Life-threatening hyperammonemia occurs in both inherited and acquired liver diseases affecting ureagenesis, the main pathway for detoxification of neurotoxic ammonia in mammals. Protein O-GlcNAcylation is a reversible and nutrient-sensitive post-translational modification using as substrate UDP-GlcNAc, the end-product of hexosamine biosynthesis pathway. Here we show that increased liver UDP-GlcNAc during hyperammonemia increases protein O-GlcNAcylation and enhances ureagenesis. Mechanistically, O-GlcNAcylation on specific threonine residues increased the catalytic efficiency for ammonia of carbamoyl phosphate synthetase 1 (CPS1), the rate-limiting enzyme in ureagenesis. Pharmacological inhibition of O-GlcNAcase, the enzyme removing O-GlcNAc from proteins, resulted in clinically relevant reductions of systemic ammonia in both genetic (hypomorphic mouse model of propionic acidemia) and acquired (thioacetamide-induced acute liver failure) mouse models of liver diseases. In conclusion, by fine-tuned control of ammonia entry into ureagenesis, hepatic O-GlcNAcylation of CPS1 increases ammonia detoxification and is a novel target for therapy of hyperammonemia in both genetic and acquired diseases.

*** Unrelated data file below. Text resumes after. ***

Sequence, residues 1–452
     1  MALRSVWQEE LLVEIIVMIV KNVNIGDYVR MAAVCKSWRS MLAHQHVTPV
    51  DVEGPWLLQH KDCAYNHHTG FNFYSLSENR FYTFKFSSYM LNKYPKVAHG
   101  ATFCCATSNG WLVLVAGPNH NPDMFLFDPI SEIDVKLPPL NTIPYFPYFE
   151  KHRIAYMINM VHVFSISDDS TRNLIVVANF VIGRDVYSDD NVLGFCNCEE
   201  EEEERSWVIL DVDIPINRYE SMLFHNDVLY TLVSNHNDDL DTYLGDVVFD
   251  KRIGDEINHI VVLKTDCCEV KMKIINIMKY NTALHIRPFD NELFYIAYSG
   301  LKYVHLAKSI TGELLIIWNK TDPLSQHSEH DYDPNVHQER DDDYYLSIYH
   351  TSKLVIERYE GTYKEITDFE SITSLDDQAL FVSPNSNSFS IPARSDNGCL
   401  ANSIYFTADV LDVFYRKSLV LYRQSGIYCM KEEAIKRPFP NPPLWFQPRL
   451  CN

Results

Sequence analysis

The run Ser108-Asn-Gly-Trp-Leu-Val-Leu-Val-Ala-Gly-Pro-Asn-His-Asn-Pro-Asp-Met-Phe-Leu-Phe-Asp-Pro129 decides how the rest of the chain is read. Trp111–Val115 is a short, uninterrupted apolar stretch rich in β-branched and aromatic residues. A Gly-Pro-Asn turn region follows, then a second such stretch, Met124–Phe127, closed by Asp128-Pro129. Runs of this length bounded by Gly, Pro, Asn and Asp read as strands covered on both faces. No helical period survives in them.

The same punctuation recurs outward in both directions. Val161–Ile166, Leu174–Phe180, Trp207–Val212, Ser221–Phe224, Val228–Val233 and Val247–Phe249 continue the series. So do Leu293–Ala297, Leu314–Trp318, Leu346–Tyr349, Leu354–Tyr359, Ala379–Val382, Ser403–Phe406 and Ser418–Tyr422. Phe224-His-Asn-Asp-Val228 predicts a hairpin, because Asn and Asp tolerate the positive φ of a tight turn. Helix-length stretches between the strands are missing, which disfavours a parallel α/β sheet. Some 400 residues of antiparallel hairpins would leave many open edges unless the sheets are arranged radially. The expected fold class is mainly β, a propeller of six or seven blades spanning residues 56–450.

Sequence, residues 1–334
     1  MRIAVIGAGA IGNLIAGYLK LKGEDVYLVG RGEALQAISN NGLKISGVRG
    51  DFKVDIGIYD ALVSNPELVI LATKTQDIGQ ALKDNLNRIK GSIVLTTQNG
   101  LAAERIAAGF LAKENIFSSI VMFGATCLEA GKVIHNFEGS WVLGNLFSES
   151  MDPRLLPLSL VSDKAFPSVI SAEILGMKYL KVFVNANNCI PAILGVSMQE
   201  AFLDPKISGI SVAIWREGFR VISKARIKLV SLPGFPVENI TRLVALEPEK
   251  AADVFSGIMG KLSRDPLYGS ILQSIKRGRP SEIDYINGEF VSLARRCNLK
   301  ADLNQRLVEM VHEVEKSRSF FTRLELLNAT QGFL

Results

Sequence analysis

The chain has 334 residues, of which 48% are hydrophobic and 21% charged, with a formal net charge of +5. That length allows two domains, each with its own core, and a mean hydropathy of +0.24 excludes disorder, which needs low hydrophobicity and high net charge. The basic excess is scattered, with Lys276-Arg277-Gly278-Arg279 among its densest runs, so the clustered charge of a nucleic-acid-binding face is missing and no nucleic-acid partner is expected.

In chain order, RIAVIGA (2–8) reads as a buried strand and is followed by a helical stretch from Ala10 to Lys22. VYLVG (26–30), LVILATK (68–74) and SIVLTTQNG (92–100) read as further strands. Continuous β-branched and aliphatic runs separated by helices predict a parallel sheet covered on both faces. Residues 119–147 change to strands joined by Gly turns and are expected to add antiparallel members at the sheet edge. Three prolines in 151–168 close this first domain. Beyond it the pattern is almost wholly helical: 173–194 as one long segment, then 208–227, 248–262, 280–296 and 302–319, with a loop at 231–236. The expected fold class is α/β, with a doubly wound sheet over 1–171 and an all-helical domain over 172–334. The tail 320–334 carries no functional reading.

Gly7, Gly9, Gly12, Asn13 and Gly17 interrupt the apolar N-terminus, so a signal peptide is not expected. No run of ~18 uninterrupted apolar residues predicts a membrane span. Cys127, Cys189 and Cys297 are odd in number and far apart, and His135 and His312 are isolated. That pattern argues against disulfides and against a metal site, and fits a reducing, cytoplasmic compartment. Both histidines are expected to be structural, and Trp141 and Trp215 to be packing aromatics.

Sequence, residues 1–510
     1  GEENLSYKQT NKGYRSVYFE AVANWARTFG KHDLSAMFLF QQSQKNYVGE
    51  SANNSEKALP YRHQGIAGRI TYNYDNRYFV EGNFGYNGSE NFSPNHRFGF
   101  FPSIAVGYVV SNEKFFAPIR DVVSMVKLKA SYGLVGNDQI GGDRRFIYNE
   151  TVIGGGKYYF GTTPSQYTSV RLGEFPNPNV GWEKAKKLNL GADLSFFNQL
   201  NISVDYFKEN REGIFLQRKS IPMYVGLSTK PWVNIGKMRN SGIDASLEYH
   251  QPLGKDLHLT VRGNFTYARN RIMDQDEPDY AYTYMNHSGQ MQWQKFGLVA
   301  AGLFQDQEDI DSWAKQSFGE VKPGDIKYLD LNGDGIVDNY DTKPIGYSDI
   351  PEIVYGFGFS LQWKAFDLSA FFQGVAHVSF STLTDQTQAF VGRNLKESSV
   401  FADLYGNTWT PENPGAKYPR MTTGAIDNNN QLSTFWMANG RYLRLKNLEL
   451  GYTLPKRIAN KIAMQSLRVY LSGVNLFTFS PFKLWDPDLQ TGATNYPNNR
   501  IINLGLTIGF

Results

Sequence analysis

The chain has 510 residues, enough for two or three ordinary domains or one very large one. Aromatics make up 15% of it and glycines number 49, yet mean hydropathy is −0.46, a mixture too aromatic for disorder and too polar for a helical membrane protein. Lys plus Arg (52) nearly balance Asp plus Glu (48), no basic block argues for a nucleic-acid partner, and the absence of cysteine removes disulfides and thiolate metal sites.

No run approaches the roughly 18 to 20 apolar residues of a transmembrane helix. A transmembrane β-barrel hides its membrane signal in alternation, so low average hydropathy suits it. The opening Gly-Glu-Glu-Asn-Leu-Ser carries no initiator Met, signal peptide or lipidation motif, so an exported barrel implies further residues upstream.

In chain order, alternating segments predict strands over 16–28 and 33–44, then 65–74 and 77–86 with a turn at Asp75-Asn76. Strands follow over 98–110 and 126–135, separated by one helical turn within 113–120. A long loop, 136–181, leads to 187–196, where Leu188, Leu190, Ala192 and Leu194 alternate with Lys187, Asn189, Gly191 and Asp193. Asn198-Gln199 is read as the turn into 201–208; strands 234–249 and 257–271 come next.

Authors: Leandro R. Soria, Georgios Makris, Alfonso M. D’Alessio, Angela De Angelis, Iolanda Boffa, Veronica M. Pravata, Véronique Rüfenacht, Sergio Attanasio, Edoardo Nusco, Paola Arena, Andrew T. Ferenbach, Debora Paris, Paola Cuomo, Andrea Motta, Matthew Nitzahn, Gerald S. Lipshutz, Ainhoa Martínez-Pizarro, Eva Richard, Lourdes R. Desviat, Johannes Häberle, Daan M. F. van Aalten & Nicola Brunetti-Pierri
Sources: Nature Communication